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Build triggers on Azure devops pipelines

Continuous integration (CI) triggers cause a pipeline to run whenever you push an update to the specified branches or you push specified tags. Build in triggers can become a powerful tool for your build strategy and the most common scenarios will be explained using the examples below.

Continuous integration triggers:

Branches:
Those will trigger your pipeline when a new commit is performed on your branch. In the scenario below the pipeline will run if code is merged on your main branch or a branch starting from releases like release1, release-1 releases etc. Also the pipeline will not run if a push is commited on uat branch. This is excluded through the exclude keyword.

trigger:
branches:
include:
- main
- release/*
exclude:
- uat

Tags:
Those will trigger your pipeline only when a tag is pushed on your repository. Tags are bound with a commit on a git source control system. In the scenario below the pipeline will get triggered if a tag is pushed following the v.* regex like v.1 , v.something, v.2 etc. Also it will not run if the tag that is pushed starts with uat keyword for example uat-1 will not trigger the pipeline.

trigger:
tags:
include:
- v.*
exclude:
- uat*

Pull Requests:
pr keyword will trigger your pipeline if a pull request is created from a branch and the destination is the noted one. For example if you create a new pull request from mybranch to current branch then the pipeline will get triggered. The pipeline will not trigger if a pull request is created from any branch to uat branch as it is excluded.

trigger:
pr:
branches:
include:
- current
exclude:
- uat

One powerful tool that you can combine with your build strategy is paths. When you specify paths, you must explicitly specify branches to trigger on. You can’t trigger a pipeline with only a path filter; you must also have a branch filter, and the changed files that match the path filter must be from a branch that matches the branch filter.

Paths:
Using a path you specify a directory/folder which will trigger the build. For example you may want only to trigger a build when particular files are changed on your repository. In the below example the pipeline will get triggered if files inside the docs folder change for the branches master and releases*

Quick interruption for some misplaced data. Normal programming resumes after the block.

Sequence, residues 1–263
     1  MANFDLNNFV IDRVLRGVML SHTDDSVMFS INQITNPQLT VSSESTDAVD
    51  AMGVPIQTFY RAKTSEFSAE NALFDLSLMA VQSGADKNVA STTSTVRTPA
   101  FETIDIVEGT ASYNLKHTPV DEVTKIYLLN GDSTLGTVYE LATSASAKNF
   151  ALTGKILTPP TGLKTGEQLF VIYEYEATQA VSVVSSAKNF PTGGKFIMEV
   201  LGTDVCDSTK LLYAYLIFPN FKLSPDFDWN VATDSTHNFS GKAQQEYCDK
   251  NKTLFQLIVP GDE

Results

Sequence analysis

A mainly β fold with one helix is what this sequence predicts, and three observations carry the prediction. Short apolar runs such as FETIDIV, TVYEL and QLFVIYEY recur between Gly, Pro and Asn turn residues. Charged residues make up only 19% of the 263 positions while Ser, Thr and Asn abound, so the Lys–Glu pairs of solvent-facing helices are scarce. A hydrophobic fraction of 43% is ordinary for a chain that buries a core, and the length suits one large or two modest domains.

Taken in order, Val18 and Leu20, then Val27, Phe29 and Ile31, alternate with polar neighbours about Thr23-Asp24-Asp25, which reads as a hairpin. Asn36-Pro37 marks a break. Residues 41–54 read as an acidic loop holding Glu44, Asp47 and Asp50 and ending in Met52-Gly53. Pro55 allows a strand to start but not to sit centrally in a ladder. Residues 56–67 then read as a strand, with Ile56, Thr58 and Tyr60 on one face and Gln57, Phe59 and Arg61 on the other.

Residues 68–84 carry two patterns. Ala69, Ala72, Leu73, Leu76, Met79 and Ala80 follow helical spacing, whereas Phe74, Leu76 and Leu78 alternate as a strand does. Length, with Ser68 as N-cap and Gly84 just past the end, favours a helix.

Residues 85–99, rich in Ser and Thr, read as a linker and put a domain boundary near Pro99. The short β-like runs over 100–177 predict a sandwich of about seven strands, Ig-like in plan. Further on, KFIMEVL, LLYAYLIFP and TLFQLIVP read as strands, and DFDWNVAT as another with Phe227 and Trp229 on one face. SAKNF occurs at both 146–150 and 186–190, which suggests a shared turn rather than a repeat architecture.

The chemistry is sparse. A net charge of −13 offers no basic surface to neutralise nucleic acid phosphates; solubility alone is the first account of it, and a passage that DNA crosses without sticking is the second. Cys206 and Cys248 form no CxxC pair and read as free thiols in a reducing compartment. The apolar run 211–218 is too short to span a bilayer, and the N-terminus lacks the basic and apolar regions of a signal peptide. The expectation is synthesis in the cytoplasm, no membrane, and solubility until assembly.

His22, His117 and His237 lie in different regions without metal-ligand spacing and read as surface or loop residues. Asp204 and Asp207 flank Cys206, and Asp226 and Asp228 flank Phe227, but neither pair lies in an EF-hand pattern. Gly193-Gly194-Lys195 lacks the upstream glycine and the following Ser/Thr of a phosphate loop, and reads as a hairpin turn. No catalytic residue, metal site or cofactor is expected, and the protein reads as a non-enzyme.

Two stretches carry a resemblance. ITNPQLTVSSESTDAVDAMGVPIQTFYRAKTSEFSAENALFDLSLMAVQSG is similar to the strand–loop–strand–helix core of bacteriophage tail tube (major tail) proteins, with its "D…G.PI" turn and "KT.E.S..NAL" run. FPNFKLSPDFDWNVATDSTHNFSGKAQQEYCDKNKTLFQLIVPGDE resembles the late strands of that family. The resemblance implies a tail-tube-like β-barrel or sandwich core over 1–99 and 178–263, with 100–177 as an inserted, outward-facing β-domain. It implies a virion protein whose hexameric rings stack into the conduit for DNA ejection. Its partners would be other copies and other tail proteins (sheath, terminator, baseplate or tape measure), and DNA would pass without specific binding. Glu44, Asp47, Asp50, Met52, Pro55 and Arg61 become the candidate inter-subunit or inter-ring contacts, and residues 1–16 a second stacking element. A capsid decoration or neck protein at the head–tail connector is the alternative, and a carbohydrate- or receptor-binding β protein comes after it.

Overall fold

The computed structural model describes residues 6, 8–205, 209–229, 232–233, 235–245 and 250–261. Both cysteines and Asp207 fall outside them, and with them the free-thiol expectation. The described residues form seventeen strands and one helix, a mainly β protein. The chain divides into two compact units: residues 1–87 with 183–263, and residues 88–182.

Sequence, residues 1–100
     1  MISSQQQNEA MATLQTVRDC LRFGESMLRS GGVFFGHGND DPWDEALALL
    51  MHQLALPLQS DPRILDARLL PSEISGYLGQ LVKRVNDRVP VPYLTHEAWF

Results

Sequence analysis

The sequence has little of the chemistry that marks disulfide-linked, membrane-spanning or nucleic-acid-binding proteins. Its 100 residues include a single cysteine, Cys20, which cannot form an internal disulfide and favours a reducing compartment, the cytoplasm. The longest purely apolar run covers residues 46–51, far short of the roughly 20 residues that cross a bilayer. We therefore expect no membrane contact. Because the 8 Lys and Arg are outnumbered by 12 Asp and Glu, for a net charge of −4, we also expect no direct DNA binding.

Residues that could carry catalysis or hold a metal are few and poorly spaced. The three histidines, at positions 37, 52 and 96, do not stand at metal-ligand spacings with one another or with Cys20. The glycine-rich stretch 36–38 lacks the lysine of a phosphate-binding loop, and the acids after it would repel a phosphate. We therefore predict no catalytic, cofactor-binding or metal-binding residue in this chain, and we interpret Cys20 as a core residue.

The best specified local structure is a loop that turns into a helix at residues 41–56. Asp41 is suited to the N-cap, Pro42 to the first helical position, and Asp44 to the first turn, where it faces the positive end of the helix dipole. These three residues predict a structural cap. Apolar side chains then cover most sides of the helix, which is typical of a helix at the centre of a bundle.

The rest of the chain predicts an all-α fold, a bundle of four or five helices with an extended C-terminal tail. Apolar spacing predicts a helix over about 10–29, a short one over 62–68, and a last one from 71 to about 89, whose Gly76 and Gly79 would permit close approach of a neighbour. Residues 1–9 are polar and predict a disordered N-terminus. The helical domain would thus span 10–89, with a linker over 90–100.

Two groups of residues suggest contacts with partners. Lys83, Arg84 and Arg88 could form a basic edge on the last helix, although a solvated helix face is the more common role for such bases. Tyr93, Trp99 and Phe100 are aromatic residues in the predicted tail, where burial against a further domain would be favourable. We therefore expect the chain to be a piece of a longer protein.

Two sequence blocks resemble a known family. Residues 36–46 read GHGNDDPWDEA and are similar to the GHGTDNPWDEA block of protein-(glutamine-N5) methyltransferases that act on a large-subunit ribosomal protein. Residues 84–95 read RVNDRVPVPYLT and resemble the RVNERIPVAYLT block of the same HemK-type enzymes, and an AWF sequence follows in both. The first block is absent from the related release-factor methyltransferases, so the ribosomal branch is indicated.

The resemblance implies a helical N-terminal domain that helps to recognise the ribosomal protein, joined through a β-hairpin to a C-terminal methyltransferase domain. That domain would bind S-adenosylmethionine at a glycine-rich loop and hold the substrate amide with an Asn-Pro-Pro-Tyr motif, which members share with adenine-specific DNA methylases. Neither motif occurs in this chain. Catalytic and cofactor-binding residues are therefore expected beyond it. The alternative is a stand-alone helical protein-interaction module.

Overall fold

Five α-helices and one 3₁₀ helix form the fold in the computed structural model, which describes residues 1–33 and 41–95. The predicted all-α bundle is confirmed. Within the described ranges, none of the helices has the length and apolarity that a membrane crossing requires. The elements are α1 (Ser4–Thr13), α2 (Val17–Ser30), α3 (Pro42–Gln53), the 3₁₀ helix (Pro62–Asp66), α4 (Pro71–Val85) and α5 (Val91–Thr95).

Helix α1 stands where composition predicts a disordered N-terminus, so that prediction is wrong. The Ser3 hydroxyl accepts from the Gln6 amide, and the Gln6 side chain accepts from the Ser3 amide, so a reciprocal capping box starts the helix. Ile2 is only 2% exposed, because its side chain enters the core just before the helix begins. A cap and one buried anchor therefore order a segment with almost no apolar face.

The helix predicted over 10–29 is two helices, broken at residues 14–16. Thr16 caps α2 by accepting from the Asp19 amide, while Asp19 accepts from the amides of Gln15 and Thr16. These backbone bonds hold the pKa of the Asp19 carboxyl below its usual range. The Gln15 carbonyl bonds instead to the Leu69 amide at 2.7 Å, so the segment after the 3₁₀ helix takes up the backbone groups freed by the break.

trigger:
branches:
include:
- master
- releases/*
paths:
include:
- docs
exclude:
- docs/README.md

Microsoft documentation for build strategies:

https://docs.microsoft.com/en-us/azure/devops/pipelines/repos/azure-repos-git?view=azure-devops&tabs=yaml#ci-triggers

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Build pipeline on tag push – Azure DevOps build triggers

There are multiple ways to define your continuous integration trigger on a pipeline depending on your needs. One common approach is to trigger a build whenever a new merge or push is done on your branch.

For example with the below notation you could trigger a new build every time a new push is merged on the uat branch.

trigger:
- uat

Another approach could be the pull request. Every time a new pull request is created for a specific branch your build could be initiated. In order to accomplish that you should use the pr keyword.

The below example will trigger when a new pull request is created and the merge destination is main branch. This approach could help you identify if the code of a specific feature/branch actually builds and can be merged on your main branch.

pr:
  branches:
    include:
    - main

Another approach is the tags functionality. You could run a build only if a specific tag is pushed along with the commit.

The below example will only build when the tag release.* is pushed on the branch on which the pipeline is located.

trigger:
  tags:
    include:
    - release.*

Some tags that could trigger my build are: release.v1 , release.master, release.v2

In order to push a tag on your branch using cmd you should

git add .
git commit -m "commit message"
git tag mytag
git push --tags

Then on tags section of your repository you can locate your new tag.

Documentation of triggers for Azure pipelines:

https://docs.microsoft.com/en-us/azure/devops/pipelines/yaml-schema/trigger?view=azure-pipelines

Video tutorial on YouTube: